In this gripping story of three tough-minded American civilians carrying out the most audacious military social science experiment since Vietnam, journalist Vanessa Gezari shows how their humanity is tested and their lives are changed forever when a lone Afghan attacks one of them in an open market.
On the day Barack Obama was elected president in November 2008, a small group of American civilians took their idealism and experience to Afghanistan. They were part of the Pentagon's most daring and controversial attempt since Vietnam to bring social science to the battlefield, a program called the Human Terrain System that is driven by the notion that you can't win a war if you don't understand the enemy and his culture. Developed by an eccentric anthropologist raised among hippie squatters in San Francisco and a patriotic ex-soldier determined to change the way America fights, the field team in Afghanistan that November day included an intrepid Texas blond, a former bodyguard for Afghan president Hamid Karzai, and an ex-military intelligence sergeant who had come to Afghanistan to make peace with his troubled past. But not all goes as planned.
In this tale of moral suspense, Vanessa Gezari follows these three idealists from the hope that brought them to Afghanistan through the events of the fateful day when one is gravely wounded, an Afghan is dead, and a proponent of cross-cultural engagement is charged with his murder. Through it all, these brave Americans ended up showing the world just how determined they were to get things right, how hard it was to really understand a place like Afghanistan where storytelling has been a major tool of survival, and why all future wars will involve this strange mix of fighting and listening.
Gezari is the only reporter who has been given such access to the lives of the people inside the troubled Human Terrain System, to the brilliant, ambitious, and mercurial figures who conceived it, and to the top military brass who believed in it. The Tender Soldier is the first and only account of a historic, little-known mission. It is a true story of war and sacrifice in the best tradition of The Good Soldiers and The Things They Carried, with an ending that will leave you breathless and upend your ideas about what really went wrong in the war.
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"Starred Review. Gezari's exposé is a revelatory and unique look at the war in Afghanistan." - Publishers Weekly
"Starred Review. Understanding foreign cultures is difficult. Gezari points out that America contains too few scholars familiar with Afghanistan, so many teams are clueless. Members often serve for the wrong reasons, since the civilian contractor earns $250,000-$350,000 per year...Gezari ... delivers a gripping report on another of America's painful, surprisingly difficult efforts to win hearts and minds." - Kirkus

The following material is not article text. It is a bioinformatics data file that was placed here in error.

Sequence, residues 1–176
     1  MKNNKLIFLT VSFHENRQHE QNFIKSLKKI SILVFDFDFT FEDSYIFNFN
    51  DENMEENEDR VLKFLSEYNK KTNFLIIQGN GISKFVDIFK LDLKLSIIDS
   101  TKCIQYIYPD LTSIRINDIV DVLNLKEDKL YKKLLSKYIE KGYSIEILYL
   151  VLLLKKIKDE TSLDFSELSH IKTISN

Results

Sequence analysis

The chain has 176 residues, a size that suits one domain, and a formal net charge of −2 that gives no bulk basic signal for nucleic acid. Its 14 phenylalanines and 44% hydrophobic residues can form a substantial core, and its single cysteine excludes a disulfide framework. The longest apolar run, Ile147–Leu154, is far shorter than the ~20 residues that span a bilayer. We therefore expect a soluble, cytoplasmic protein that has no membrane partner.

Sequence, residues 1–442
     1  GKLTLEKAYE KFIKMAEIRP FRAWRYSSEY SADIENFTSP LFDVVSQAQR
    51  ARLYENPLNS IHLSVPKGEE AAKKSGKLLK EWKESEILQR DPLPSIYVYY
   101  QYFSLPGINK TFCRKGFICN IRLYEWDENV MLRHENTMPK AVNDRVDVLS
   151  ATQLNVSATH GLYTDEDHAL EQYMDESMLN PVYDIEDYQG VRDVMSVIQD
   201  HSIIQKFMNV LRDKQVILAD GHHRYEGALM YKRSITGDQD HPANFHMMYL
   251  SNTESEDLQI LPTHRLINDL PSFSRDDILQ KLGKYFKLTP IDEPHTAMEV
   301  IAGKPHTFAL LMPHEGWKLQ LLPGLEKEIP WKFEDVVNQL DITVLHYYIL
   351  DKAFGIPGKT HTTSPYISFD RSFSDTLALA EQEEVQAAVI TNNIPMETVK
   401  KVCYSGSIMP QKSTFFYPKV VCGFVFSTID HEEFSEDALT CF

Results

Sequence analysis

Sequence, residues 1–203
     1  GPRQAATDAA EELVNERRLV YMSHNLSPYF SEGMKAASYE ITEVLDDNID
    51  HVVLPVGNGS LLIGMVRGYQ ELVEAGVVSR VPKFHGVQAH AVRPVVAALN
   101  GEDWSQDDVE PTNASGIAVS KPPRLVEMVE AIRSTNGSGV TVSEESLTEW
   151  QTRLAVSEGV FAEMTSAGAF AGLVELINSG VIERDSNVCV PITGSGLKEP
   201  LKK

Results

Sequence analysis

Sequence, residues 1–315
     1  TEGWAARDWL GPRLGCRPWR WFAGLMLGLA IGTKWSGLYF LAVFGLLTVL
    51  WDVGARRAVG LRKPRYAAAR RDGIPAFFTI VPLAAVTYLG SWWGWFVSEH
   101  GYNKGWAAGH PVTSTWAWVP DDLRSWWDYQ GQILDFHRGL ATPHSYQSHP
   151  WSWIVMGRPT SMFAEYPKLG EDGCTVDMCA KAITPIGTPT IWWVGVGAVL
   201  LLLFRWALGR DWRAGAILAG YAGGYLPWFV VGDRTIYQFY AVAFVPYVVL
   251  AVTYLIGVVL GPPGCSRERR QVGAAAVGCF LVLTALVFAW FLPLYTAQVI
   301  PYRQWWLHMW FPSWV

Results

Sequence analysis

"Bravely reported and beautifully told, The Tender Soldier is a crushing story of good intentions and war. Vanessa Gezari is an unflinching journalist, and she has written a great, angering, and heartbreaking book that in its many layers is as damning as it is honorable." - David Finkel, Pulitzer Prize-winning author of the New York Times bestseller The Good Soldiers
"Gezari's gripping tale of American idealism gone wrong is vital reading for anyone interested in America's decade of war in Afghanistan. Beautifully told, the book illuminates one of the most interesting and little known programs in recent U.S. military history." - Lourdes Garcia-Navarro, NPR international correspondent
"Part history, part war story, part critique, Gezari writes with a stonecutter's brilliance, snapping into focus a part of the world, and a chapter in American history, that we don't fully comprehend. Citizens will read The Tender Soldier in a few nights and come away feeling smarter and enriched. This is brilliant reading and is a kind of road map by which to understand other wars, and other news reports breaking daily around us." - Doug Stanton, author of the New York Times bestseller Horse Soldiers
"The story running through the heart of The Tender Soldier is a searing reminder that wars may be waged with good intentions, but they are built upon tragedy. Vanessa Gezari explores this grim paradox with an admirable lucidity and a sharp eye for the kind of telling detail that make her account of the U.S. war in Afghanistan a moving, unforgettable read." - Jon Lee Anderson, New Yorker staff writer and author of the national bestseller The Fall of Baghdad
"The Tender Soldier takes readers on an eloquent journey back through one tragic American death in Afghanistan. But its larger point is a hard-fisted critique of the U.S. military's chronic inability to understand the larger world in which it operates. It is a book worth memorizing, and repeating to U.S. decision-makers, when the next Iraq or Afghanistan presents itself - as it surely will." - Dana Priest, Pulitzer Prize-winning coauthor of Top Secret America
The information about The Tender Soldier shown above was first featured in "The BookBrowse Review" - BookBrowse's online-magazine that keeps our members abreast of notable and high-profile books publishing in the coming weeks. In most cases, the reviews are necessarily limited to those that were available to us ahead of publication. If you are the publisher or author of this book and feel that the reviews shown do not properly reflect the range of media opinion now available, please send us a message with the mainstream media reviews that you would like to see added.
Vanessa M. Gezari teaches narrative nonfiction and war reporting at the University of Michigan. She has written for The Washington Post, The New Republic, Slate, and others. She lives in Ann Arbor, Michigan.
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